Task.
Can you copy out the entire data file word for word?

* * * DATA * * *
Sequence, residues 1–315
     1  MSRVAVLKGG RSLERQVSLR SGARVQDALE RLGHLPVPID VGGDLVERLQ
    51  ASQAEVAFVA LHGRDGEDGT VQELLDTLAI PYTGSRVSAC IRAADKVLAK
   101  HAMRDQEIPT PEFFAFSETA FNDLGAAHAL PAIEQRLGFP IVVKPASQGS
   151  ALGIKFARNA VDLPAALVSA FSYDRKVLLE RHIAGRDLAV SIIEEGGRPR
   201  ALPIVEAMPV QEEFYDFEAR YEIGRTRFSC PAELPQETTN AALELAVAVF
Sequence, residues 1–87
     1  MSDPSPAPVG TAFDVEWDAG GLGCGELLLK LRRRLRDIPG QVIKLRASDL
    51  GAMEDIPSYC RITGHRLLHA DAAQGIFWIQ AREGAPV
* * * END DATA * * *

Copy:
Sequence, residues 1–315
     1  MSRVAVLKGG RSLERQVSLR SGARVQDALE RLGHLPVPID VGGDLVERLQ
    51  ASQAEVAFVA LHGRDGEDGT VQELLDTLAI PYTGSRVSAC IRAADKVLAK
   101  HAMRDQEIPT PEFFAFSETA FNDLGAAHAL PAIEQRLGFP IVVKPASQGS
   151  ALGIKFARNA VDLPAALVSA FSYDRKVLLE RHIAGRDLAV SIIEEGGRPR
   201  ALPIVEAMPV QEEFYDFEAR YEIGRTRFSC PAELPQETTN AALELAVAVF
Sequence, residues 1–87
     1  MSDPSPAPVG TAFDVEWDAG GLGCGELLLK LRRRLRDIPG QVIKLRASDL
    51  GAMEDIPSYC RITGHRLLHA DAAQGIFWIQ AREGAPV